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Just Say No to Social Media Peer Pressure

By Jodie Cain Smith, Content Editor, Clemson Road Creative

As a child of the 80s, I knew exactly how to deal with peer pressure – just say, “No.” As an adult, the monkey on my back has legitimate reason to exist. Social media, that glorious marketing fix, is both communication antidote and time management disease.

Businesses are continually judged by their social media presence or lack thereof. Even worse, we can start to believe that our social media efforts are real marketing.

How do we combat social media peer pressure? How should we respond to the demand we maintain Facebook, Instagram, Storify, Tumbler, and Twitter accounts?

Just say, “No,” to social media peer pressure and say, “Yes,” to a social media plan.

Save yourself undue stress and wasteful effort by considering these four questions before entering the world of social media.

  1. What is the message?

If all the contributors on your team are not using the same map, someone is bound to get lost. Create your message according to a style guide used by all contributors. The style guide should represent your unique brand, tone, and word usage. Insist everyone use the same style guide.

Be sure to follow web writing guidelines to create scannable, concise content with meaningful headers, common language, and active voice.

Lastly, resist the urge to like, share, cut, and paste without true consideration. Your message must be your own, even when sharing others’ content; social media messages should be in line with your brand.

  1. Who is the desired audience and where are they hiding?

If your desired audience is not on Twitter, why are you? Instagram works wonders for the YouTube stars, but does an insurance broker need to post pictures of safe driving?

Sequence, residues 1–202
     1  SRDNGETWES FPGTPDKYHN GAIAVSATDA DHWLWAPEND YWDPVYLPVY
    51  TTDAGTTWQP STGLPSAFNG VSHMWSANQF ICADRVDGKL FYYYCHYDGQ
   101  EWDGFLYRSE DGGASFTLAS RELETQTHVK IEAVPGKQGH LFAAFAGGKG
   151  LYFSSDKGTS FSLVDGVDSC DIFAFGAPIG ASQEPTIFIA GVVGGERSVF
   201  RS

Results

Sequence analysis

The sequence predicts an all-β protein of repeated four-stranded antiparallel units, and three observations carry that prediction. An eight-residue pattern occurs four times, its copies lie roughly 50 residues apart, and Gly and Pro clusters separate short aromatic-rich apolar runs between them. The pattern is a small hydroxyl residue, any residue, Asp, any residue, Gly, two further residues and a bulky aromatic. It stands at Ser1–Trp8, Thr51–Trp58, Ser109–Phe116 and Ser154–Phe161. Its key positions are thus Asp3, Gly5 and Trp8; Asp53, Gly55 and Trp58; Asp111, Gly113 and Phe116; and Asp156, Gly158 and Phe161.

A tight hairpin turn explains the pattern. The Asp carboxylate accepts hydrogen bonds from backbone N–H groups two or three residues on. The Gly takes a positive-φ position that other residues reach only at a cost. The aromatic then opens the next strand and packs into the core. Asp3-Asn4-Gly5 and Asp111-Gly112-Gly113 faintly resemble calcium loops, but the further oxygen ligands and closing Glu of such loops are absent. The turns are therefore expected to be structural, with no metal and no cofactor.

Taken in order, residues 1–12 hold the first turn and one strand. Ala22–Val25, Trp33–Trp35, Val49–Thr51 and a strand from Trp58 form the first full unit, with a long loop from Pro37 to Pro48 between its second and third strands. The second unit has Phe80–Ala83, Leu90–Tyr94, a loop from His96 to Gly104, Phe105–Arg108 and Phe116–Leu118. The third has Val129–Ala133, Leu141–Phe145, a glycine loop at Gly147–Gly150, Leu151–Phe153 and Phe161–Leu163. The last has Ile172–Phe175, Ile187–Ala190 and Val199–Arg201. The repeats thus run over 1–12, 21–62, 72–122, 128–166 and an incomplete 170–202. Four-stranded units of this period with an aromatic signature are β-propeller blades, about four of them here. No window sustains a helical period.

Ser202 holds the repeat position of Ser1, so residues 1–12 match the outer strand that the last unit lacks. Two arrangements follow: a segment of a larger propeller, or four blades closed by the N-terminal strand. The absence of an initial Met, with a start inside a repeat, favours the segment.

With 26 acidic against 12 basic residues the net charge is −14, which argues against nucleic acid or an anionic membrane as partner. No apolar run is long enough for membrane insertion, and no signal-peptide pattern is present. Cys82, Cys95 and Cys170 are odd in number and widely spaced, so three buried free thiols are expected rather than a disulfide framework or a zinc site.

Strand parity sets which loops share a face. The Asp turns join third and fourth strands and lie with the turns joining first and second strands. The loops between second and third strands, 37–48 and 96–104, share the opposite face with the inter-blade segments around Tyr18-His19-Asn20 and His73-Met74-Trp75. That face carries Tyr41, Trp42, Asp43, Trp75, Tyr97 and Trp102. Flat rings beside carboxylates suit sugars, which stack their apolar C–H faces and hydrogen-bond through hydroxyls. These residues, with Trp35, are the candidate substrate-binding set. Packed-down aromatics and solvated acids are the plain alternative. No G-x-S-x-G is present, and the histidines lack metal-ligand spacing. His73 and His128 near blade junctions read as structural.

Before committing to a social media platform, consider who your target audience is, what content that audience seeks, and what social media your audience uses.

For the local mortgage broker, her time may be better spent on a blog posted to a blogging platform such as Medium or WordPress and shared via an email list of existing or prospective clients. Various sites such as Facebook and Linkedin allow you to socialize content within your network. A Facebook business page can substitute for the company website if your audience is primarily on that platform.

  1. What is the goal of the social media effort?

Diving into social media without specific, determined goals is akin to driving blind at night in a thunderstorm. With all the clickbait and noise clogging the digital highway, specific goals will help your message reach your potential audience.

Ask yourself what the point of all this effort is. Do you want new customers? Do you need to interact with current customers? Do you wish to be seen as an industry leader and resource? With every “Yes” a new element should be added to your social media plan. Also, consider how your potential audience would want you to answer these questions.

If your social media has become too time-consuming, consider compilation platforms like Hootsuite to duplicate your social messages across multiple platforms.

  1. Who will manage the social media effort?

Although last in this list, this question is critical. Without a dedicated resource to manage all social media, your account presence will suffer. A neglected or abandoned account will leave customers feeling confused or frustrated.

“Hey look,” says Potential Customer. “Company Lala is on Twitter … oh, wait … their last tweet was from two years ago. I wonder what happened. Are they still in business?” Confused and disappointed, Potential Customer moves on.

So, if social media will be part of your marketing and communication plan, make a true commitment of time and personnel resources. Be honest when considering your resources. Do you have the ability to dedicate time and personnel to social media or not? Design your social media plan with your answer in mind.

Scale as you’re able, not as social media peer pressure might influence you to.

Right-Fit Your Social Effort

Yes, in the past, we could just say “no,” but today’s mobile world requires a more thoughtful approach to peer pressure, at least the digital kind.

You never know where or how someone will look up your company. Keeping accurate, up-to-date social profiles is the equivalent of painting your business hours on the window.

 

Infographic vector designed by Freepik

 

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